- if you are not satisfied with the way your complaint is being handled, phone our complaints line on 1 800 199 010.
You can also make a complaint by:
- lodging a complaints form online
- sending us a fax on 1800 060 063
- writing to us at:
PO Box 1271
Albury NSW 2640
We treat complaints seriously. If you come to us with any problems or complaints, we will try to resolve them quickly and fairly. Complaints also provide us with important feedback and help us to identify how we can improve our service.
The Commonwealth Ombudsman
If you have a complaint, you should try to resolve it with us first. If you are unable to, or if you are not satisfied with the way we have handled your complaint, the Commonwealth Ombudsman may be able to help you.
Application (Case Summaries)
Taxpayer experiencing difficulty lodging a compliant – inconsistent information – unable to contact the CRA – OTO facilitating communication
9:001 A taxpayer attempted to lodge a complaint with the CRA. However, , the CRA did not respond to the taxpayer's letters regarding his refund and subsequent objection. The CRA was also inconsistent in communicating its decision as to whether it would allow, or disallow, the charitable donations claim for the 2007 taxation year. The Ombudsman contacted the CRA to determine if it had received the letters in question. Upon being presented with documentation proving that the CRA had in fact received these letters from the taxpayer, the CRA issued a letter of regret and proceeded to assist the taxpayer. To further assist the taxpayer, a CRA official personally contacted the taxpayer to clarify whether or not their charitable donation claims were accepted.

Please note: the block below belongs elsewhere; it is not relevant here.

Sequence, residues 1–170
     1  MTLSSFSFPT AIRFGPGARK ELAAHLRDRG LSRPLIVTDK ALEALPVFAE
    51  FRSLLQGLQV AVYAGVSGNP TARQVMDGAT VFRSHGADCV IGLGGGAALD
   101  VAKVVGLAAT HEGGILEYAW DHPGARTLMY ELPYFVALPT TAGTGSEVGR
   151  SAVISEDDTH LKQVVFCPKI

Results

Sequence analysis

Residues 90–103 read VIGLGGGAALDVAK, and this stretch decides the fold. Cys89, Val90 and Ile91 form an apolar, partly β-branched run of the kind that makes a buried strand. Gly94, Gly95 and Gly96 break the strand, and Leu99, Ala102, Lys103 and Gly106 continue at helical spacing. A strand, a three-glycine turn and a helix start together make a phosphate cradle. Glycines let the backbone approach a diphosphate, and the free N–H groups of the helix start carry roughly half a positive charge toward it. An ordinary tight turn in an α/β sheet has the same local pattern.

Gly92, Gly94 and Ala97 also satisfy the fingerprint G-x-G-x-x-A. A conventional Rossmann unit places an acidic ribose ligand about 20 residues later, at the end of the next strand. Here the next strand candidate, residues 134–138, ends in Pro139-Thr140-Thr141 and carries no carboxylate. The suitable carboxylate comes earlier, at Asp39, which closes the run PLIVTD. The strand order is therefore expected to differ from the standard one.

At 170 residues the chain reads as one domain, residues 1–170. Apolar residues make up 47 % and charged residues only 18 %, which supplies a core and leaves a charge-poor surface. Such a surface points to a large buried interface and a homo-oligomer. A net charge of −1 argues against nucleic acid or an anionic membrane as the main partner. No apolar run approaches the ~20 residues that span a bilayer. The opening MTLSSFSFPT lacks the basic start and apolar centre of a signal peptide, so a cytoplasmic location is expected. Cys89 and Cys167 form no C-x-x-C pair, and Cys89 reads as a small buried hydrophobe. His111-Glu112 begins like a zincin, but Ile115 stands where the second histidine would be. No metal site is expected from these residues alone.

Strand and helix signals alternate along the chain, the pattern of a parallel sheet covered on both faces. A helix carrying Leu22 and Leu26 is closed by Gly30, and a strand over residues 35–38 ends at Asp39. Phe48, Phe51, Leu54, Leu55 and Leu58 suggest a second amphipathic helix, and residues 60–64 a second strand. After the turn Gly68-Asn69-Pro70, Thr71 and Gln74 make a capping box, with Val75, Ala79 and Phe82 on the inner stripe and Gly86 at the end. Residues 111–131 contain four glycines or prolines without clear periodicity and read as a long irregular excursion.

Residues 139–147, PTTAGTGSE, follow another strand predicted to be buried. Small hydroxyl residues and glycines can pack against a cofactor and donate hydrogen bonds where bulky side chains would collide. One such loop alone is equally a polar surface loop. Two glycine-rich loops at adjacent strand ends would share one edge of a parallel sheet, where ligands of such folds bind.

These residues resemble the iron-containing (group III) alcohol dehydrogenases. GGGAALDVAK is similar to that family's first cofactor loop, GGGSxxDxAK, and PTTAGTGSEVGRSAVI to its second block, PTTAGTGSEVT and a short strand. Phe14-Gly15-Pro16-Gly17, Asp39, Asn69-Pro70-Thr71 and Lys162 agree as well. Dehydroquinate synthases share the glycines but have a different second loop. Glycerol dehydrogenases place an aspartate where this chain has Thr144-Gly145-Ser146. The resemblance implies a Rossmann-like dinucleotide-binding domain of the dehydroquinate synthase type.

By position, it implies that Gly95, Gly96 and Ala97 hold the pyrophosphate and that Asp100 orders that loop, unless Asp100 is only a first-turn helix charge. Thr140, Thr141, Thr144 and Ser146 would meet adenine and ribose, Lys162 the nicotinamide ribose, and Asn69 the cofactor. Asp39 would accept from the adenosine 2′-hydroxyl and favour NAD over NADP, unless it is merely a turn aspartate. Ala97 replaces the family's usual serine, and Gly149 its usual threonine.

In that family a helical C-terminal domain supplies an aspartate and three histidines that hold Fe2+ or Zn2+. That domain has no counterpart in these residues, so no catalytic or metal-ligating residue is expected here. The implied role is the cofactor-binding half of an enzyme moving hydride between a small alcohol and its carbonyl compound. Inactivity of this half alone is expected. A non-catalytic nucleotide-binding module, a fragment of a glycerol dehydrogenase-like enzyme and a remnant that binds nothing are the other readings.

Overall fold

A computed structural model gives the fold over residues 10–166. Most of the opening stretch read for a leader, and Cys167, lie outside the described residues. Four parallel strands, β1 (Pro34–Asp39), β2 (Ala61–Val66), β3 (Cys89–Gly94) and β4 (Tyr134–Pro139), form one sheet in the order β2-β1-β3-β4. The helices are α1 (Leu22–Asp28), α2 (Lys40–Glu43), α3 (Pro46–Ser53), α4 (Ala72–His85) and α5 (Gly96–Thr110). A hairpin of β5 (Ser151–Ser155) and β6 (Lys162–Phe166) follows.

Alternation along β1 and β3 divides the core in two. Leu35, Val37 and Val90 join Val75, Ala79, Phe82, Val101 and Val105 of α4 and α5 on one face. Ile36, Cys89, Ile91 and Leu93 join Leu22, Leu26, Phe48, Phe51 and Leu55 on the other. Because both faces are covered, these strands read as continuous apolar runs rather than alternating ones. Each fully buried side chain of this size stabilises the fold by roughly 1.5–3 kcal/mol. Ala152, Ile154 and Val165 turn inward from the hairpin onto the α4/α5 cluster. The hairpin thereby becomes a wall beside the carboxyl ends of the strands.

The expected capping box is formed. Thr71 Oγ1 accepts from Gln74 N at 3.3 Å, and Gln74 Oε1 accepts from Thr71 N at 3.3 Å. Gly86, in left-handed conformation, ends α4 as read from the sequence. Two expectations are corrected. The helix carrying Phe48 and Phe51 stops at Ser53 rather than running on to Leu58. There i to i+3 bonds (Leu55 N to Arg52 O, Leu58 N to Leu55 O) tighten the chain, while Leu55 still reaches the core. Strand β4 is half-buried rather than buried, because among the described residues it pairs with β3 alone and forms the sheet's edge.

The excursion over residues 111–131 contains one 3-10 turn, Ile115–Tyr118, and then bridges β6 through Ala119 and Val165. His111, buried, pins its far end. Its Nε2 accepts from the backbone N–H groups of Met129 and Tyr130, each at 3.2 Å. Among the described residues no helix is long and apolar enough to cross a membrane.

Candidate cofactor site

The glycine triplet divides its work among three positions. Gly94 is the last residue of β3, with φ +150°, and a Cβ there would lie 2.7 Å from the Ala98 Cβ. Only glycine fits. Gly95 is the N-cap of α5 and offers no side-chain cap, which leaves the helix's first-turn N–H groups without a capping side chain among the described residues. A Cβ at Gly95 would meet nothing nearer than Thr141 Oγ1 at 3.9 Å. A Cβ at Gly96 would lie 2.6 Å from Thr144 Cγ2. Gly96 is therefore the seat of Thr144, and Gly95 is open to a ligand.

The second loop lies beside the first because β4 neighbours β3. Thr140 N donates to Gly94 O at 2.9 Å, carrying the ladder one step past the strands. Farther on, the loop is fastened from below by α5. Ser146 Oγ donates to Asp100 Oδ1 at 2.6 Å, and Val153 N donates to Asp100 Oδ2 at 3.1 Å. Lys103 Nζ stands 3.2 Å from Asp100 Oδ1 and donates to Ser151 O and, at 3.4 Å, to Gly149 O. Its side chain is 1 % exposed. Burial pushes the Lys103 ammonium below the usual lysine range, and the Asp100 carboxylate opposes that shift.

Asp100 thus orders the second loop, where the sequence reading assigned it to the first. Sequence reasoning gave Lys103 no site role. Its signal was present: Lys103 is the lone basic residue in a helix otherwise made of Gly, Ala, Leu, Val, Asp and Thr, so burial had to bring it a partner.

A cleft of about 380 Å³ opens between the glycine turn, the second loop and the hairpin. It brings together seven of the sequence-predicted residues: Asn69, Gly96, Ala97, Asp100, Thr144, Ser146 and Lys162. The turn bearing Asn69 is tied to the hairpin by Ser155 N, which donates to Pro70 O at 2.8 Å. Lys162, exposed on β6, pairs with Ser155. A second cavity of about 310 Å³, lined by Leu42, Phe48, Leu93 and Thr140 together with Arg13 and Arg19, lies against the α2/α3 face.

Confidentiality of taxpayer information – facilitate communication – unable to contact the CRA – inappropriate behaviour of a CRA official – obstructed from lodging a complaint
09:002 A CRA agent contacted the taxpayer's place of business while the taxpayer was out of the country. When the receptionist told the CRA representative that the taxpayer in question was away, she was told by the CRA employee that there were significant taxes owing by the taxpayer. The CRA agent should not have been discussing confidential taxpayer information with a third party. Moreover, the taxpayer had difficulty reaching the CRA employee and attempting to lodge a complaint. He was told that a supervisor would phone him though he never received such a call.
As a result of the Ombudsman's intervention, a letter of apology was issued and additional training was recommended for the CRA's employee. Moreover, it was determined that there had been a misallocation of the taxpayer's payment and that the taxpayer had actually paid the amount in question.
Article 10 - You have the right to have the costs of compliance taken into account when administering tax legislation.